Delphine Carron Faivre

A special citizen's metamorphosis. Medieval verbal images of Cato's Catiline affair.

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This contribution analyzes various medieval authors' visual images that denote the image and the person of Cato of Utica during the trial of Catiline's accomplices at Rome in December 63 BCE. The two texts examined in detail - the anonymous Fais des Rommains (1213-1214) and the works of Brunetto Latini (ca. 1260) - are based in particular on an authority from Antiquity, Sallust. They refer not only to the historical Cato, who was then 42 years old and had the office of tribune, but also, through the mediation of Sallust, to a Cato who represents a more general form of virtue, that of the (Roman) citizen, a virtue that was received differently according to the context and period.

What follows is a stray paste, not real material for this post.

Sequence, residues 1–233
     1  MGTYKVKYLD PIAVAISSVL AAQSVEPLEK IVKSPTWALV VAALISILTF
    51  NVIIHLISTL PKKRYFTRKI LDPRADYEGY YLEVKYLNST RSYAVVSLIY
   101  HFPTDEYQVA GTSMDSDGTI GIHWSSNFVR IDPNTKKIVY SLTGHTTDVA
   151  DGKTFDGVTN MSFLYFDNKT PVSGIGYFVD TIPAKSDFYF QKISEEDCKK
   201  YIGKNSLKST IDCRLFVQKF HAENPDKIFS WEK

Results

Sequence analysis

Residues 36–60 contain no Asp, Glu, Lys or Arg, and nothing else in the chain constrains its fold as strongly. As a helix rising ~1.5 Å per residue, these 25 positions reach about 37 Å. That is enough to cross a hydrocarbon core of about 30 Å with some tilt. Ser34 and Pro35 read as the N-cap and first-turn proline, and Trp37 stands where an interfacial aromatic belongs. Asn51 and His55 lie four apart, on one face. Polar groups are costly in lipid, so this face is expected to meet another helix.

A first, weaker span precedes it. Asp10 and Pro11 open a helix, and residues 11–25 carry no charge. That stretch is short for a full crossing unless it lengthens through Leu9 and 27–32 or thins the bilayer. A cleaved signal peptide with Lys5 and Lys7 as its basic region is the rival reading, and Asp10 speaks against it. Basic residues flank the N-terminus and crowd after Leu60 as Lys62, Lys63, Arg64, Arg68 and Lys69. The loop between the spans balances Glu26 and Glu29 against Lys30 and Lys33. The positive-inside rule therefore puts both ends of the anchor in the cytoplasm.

• Cato of Utica
  • verbal images
  • Catilinarian Conspiracy
  • Sallust
  • Les Fais des Rommains
  • Brunetto Latini


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